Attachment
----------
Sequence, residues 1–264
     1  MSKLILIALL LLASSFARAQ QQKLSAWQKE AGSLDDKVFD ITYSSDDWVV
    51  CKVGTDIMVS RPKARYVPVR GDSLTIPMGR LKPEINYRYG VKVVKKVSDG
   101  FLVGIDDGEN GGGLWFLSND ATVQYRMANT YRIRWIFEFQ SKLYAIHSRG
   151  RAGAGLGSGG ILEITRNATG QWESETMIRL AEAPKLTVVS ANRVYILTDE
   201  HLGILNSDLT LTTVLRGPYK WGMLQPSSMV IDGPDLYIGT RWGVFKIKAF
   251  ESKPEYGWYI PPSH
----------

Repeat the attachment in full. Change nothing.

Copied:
Sequence, residues 1–264
     1  MSKLILIALL LLASSFARAQ QQKLSAWQKE AGSLDDKVFD ITYSSDDWVV
    51  CKVGTDIMVS RPKARYVPVR GDSLTIPMGR LKPEINYRYG VKVVKKVSDG
   101  FLVGIDDGEN GGGLWFLSND ATVQYRMANT YRIRWIFEFQ SKLYAIHSRG
   151  RAGAGLGSGG ILEITRNATG QWESETMIRL AEAPKLTVVS ANRVYILTDE
   201  HLGILNSDLT LTTVLRGPYK WGMLQPSSMV IDGPDLYIGT RWGVFKIKAF
   251  ESKPEYGWYI PPSH